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What is a Cookie Wall?

Last Updated: August 5, 2022

Cookie Wall

A Cookie Wall, also known as a tracking wall, requires users to ‘agree’ or ‘accept’ all cookies and trackers in order to use a website. Including processing a user’s personal data. This option doesn’t give the user an opportunity to reject all or part of the cookies and still utilize the website. Therefore, it’s referred to as the “take it or leave it” approach.

This ensures the website can activate all cookies and trackers to get as much data as possible, despite a user’s wishes. Although not always true, websites will utilize this approach when they fear giving users a choice to determine which cookies they allow, will break their website.


Essentially, a cookie wall is a variation of a cookie banner or popup. However, only a cookie wall gives users no option to select or de-select certain categories of cookies. These can be third-party cookies that contain tracking information used by marketing and ad tech companies.

An example of a cookie wall is a notice-only banner below.

Notice Only Consent

This cookie banner is displayed as such the only way to access the content on the website is to accept all the cookies. Cookie walls like this are prevalent on many news sites that people rely on for their current events and information.


How do Cookie Walls Work?

The majority of websites use first and third-party cookies. These cookies range from strictly necessary to the operation of a website to analytics cookies that use data to give insight into the performance of a website.

Cookie walls work when making consent a condition to accessing a website’s services and products. Alternatively, denying users entry unless they give full consent to all cookies. This leaves out any choice for the user, allowing some laws and countries to not consider this consent.


Are Cookie Walls Legal?

Not always. Depending on your regulators as well as the location of you and your users, cookie walls can be considered non-compliant. Learn about the specific data protection laws below.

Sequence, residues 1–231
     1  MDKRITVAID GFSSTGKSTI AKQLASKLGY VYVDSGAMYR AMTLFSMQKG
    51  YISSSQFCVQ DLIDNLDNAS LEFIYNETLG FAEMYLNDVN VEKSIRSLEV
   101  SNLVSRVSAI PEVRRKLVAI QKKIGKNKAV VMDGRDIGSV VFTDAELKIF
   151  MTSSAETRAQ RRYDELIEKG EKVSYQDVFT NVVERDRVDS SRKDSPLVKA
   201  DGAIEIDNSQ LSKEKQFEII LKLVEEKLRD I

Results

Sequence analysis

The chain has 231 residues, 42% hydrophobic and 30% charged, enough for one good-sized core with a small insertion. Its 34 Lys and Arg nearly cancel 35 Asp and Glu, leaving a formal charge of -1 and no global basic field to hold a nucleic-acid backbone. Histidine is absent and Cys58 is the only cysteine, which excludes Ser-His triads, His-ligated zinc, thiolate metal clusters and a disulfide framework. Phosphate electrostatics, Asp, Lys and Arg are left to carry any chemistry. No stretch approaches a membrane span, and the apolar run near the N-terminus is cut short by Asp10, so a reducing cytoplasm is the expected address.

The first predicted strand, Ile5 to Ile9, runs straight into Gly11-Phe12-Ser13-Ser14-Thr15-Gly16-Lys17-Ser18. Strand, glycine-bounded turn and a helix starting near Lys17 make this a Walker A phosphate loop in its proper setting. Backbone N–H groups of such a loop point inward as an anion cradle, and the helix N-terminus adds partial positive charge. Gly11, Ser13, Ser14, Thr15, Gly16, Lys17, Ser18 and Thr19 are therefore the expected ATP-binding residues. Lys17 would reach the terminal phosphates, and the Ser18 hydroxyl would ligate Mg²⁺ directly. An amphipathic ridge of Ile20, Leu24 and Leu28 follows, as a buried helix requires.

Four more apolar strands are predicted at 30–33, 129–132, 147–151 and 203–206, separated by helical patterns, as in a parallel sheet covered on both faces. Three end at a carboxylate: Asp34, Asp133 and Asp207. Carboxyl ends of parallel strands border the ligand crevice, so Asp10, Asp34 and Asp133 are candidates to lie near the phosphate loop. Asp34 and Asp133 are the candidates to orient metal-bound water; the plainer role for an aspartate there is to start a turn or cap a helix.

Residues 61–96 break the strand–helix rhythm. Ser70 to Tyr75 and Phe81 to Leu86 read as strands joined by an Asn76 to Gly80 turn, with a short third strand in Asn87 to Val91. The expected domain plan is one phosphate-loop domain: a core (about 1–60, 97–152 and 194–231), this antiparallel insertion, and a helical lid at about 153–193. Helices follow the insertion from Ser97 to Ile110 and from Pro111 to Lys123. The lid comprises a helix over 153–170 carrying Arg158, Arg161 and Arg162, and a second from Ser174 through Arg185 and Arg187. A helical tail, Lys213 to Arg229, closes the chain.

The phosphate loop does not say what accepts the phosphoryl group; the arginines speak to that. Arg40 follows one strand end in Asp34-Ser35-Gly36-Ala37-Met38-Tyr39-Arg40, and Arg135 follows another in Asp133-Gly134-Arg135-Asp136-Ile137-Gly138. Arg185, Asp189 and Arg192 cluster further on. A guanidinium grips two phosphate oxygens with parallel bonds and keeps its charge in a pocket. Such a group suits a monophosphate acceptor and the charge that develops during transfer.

On May 4th 2020, the European Data Protection Board (EDPB) updated guidelines around online consent to be compliant with the GDPR. One of the updated guidelines provided clarification on the validity of consent as provided by data subjects when interacting with cookie walls.

Two recommendations were provided:

  • service providers cannot prevent data subjects from accessing a service on the basis that they do not consent; and
  • ‘cookie walls’ are not permitted: access to services and functionalities must not be made conditional on the consent of users to the placement of cookies or similar technologies on their terminal equipment.

Most importantly, the Guidelines provide that consent within cookie walls cannot be considered as freely given. Additionally, scrolling or swiping through a webpage, or similar actions do not constitute a clear or affirmative action. Thus, unambiguous consent has not been obtained, and that there is not a way for the user to withdraw consent in a way that was as easy as granting it.

Ultimately, the EDPB clearly states cookie walls are illegal and not a valid way to obtain user consent of individuals inside the EU.


On October 1st, 2020 the French data protection authority (CNIL) announced that it had adopted its amended guidelines and the final recommendations on cookies.

The CNIL highlighted the following principles and recommendations as it relates to cookie walls:

  • continued browsing with the cookie banner can no longer be considered a valid form of user’s consent, and consent validity requires a clear positive action
  • users should have easy access to manage their cookie preferences and withdraw their consent at any time, and companies should implement this through a static cookie icon as a best practice
  • cookie walls, are likely to undermine the freedom of users to consent; therefore, while CNIL does not ban cookie walls, it highlights that the lawfulness of cookie walls must be assessed on a case-by-case basis

While the CNIL does not outwardly ban cookie walls, they admit it’s not the best option for gaining consent.


Cookie Wall vs. Cookie Consent Banner

A cookie wall is a specific type of cookie consent banner. A cookie wall denies users a real choice by requiring them to accept all cookies without a real option to reject or withdraw consent easily. Alternatively, a compliant cookie consent banner allows users to check or uncheck specific types of cookies such as tracking and targeting cookies. Those are the types of cookies that usually hold the most valuable and private data used by ad tech companies.

Finally, cookie consent banners allow users to access content on the website regardless of cookie consent preferences.

Below is an example of CookiePro’s Cookie Consent Banner which is GDPR compliant. This cookie banner gives the user the option to accept or reject, as well as an option to customize the types of cookies.

Cookie Consent Banner


Mistakes to Avoid

If you decide a cookie wall is the best option for you, you must ensure that users can access information about what they are accepting before they do so. This means a cookie policy page that also has cookies blocked. Without this, it can be argued that consent was not informed – which makes it invalid under the law.

The cookie wall can work well for recognized brands with very strong or unique content. However, still expect drop-offs in user numbers. For less compelling sites, this should generally be avoided.

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